Bitcoin: Cryptocurrency Mining Still Rising Despite Huge Price Drops

The value of Bitcoin and other cryptocurrencies has plummeted in recent weeks, but the computing power dedicated to the industry continues to rise


May 17 2022

Artist’s impression of physical cryptocurrency

Mark Brussels / Alami

Cryptocurrency mining continues to consume increasing amounts of computer power, despite the global drop in prices making it a less attractive economic proposition.

Miners of currencies such as Bitcoin and Ethereum are rewarded with a cryptocurrency that fluctuates in value compared to traditional currencies, so although their costs may be expected, their income varies. On November 8 last year, the bitcoin price was above £50,000, while on May 15 it was just under the halving at £24,244. Ethereum fell from £3,567 to £1,647 over the same period.

Despite these falls, the miners seem to be resilient. The total Bitcoin network hash rate, a metric that tracks how much computer power is devoted to mining, continues to reach all-time highs. The latest data from the Cambridge Center for Alternative Finance (CCAF) shows it reached 248 exashhs in February, while the latest data shows it has continued to rise in the intervening months. Ethereum miners have also proven resilient in the face of falling prices. On May 15, the Ethereum hash rate sat at 1,103 terahs per second, according to data from YCharts, while the previous year the rate was just 613 terahs.

The increase in the hash rate is raising concerns about the carbon footprint of the crypto sector, as arithmetic intensive operations generally require more electricity to be used. This will likely be offset by a shift to more efficient computing devices, says CCAF’s Alexander Neumüller. It estimates that the current annual electricity consumption of bitcoin is 141 TWh, compared to the amount used by Egypt.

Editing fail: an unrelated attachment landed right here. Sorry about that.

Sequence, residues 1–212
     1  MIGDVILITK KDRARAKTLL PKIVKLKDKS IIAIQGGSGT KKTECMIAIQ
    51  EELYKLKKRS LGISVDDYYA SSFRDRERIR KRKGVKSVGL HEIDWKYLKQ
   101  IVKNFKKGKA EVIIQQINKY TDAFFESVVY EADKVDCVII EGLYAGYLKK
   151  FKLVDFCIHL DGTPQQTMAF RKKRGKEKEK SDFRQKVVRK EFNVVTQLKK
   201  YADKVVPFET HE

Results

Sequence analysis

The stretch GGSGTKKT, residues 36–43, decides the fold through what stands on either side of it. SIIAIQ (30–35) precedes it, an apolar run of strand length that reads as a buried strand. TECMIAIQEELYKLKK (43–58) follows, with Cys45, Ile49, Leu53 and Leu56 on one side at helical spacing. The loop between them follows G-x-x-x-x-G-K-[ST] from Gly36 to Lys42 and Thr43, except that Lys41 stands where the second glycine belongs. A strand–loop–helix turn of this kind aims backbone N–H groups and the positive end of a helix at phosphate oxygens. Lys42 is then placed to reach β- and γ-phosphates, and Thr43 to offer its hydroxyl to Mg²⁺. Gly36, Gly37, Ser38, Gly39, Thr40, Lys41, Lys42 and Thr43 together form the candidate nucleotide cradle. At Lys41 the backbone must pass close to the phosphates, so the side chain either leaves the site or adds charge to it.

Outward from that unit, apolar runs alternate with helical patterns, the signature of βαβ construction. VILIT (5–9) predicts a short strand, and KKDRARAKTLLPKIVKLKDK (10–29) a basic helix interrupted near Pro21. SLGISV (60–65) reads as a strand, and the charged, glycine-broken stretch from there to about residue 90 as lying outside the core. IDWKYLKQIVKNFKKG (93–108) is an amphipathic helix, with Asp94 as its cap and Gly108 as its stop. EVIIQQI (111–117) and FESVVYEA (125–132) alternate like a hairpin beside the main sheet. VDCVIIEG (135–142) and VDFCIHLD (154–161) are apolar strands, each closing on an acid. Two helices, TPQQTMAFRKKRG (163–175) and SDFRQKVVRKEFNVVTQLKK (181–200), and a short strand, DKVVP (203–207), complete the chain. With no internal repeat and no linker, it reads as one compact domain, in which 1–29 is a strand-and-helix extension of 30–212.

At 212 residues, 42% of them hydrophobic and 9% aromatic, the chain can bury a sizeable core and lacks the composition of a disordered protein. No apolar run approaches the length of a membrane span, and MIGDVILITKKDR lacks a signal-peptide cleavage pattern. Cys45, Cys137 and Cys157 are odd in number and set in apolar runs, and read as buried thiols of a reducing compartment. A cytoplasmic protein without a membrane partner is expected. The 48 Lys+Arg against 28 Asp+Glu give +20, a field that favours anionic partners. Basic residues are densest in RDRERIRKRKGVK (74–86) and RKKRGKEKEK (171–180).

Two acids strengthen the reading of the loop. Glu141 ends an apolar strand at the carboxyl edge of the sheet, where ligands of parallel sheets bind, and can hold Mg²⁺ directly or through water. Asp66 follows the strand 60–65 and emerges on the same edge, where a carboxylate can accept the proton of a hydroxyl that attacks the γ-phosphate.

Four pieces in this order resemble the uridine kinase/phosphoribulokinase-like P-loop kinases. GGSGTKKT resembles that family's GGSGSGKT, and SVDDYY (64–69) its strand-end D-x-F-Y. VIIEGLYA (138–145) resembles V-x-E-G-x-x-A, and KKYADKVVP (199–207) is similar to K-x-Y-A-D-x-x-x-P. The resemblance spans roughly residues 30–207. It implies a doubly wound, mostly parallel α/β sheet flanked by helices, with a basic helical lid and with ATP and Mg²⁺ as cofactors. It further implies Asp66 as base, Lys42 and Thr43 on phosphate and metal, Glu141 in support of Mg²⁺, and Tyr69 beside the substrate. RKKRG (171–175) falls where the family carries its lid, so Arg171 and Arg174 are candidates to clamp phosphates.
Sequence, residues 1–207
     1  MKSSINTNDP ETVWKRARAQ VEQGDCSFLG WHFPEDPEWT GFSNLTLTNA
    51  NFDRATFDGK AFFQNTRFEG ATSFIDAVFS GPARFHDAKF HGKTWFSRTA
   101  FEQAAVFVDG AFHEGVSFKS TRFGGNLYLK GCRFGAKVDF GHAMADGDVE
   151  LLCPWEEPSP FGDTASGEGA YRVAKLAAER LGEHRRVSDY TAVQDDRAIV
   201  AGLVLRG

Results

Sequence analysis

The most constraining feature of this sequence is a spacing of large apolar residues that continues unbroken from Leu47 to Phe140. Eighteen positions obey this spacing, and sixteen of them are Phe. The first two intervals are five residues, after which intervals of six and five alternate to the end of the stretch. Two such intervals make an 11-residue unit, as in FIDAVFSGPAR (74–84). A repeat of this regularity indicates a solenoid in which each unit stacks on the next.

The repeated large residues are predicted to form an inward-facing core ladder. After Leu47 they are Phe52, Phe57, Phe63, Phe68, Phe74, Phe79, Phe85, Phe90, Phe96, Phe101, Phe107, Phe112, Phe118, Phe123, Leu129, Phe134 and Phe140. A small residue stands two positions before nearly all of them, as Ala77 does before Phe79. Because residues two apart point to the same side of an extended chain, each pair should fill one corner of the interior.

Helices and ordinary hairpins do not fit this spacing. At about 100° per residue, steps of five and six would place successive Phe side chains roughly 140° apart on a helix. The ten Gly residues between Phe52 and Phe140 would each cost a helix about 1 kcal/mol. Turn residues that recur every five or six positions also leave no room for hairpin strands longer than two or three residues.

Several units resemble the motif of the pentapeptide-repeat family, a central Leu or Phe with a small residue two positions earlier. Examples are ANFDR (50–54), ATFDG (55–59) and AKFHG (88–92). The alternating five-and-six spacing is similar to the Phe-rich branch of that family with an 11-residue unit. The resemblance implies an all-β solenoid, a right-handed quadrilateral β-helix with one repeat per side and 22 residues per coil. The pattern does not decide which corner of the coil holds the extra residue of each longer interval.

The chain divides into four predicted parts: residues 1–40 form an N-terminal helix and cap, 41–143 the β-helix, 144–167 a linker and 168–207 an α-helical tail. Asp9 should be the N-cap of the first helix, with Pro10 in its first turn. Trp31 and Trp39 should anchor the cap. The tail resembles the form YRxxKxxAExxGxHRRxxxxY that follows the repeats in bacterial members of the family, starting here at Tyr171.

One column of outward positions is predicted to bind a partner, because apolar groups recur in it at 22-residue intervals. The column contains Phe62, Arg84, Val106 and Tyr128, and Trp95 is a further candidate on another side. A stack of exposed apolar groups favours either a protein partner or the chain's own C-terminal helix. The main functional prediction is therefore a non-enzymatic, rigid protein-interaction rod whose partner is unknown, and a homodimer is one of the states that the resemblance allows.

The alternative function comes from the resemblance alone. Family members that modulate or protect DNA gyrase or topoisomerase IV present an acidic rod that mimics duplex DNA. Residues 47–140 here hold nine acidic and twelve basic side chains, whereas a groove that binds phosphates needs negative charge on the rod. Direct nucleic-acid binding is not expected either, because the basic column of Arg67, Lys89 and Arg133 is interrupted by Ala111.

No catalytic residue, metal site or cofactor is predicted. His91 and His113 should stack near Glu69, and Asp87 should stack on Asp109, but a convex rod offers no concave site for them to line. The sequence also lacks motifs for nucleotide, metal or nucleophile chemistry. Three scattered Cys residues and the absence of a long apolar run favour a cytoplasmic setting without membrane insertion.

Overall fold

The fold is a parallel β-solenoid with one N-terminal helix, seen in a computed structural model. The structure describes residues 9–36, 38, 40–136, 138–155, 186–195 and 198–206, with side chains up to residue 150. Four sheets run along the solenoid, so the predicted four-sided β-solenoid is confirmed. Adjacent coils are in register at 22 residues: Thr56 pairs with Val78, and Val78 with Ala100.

“Without a doubt, network fragmentation is an important variable, but the answer to the question of power consumption is more complex,” he said. “In our model, we assume that miners are rational economic agents — in other words, they only operate profitable hardware. So, with lower profitability, it is assumed that older, less efficient hardware should be turned off.”

Besides the recent price drops, the crypto sector is still grappling with the impact of the Chinese ban on crypto mining that went into effect last May. In today’s blog post, the CCEF says that the ban has worsened, rather than improved, the environmental impact of cryptocurrencies, as miners have sought cheaper, but not necessarily greener, energy elsewhere.

Artist Kyle MacDonald, who uses cryptocurrencies in his work and has previously published research on the energy use of Ethereum, says that a decrease in the price of the coin should lead to a decrease in mining, but that this can happen over longer periods of time. “Right now, despite the price drop, we are not seeing any unusual decline in the hash rate,” he says. “There is a slight downtrend in bitcoin at the moment, but not beyond the usual range of variance. In another week, we may be able to see if miners are consistently stopping some of their rigs, which could indicate that they are operating on tight profit margins.”

And there are unconfirmed signs that an Ethereum slowdown could be on the way as well. An Australian-based Ethereum miner who goes by the name Josh Ward told new world The economics of mining were less attractive now that the price had fallen. “The drop in earnings is disappointing,” he says. “It made me reconsider how I see the opportunity cost of mining. On an individual level, there are quite a few people who are pulling back from mining and selling their rigs due to market disruption.”

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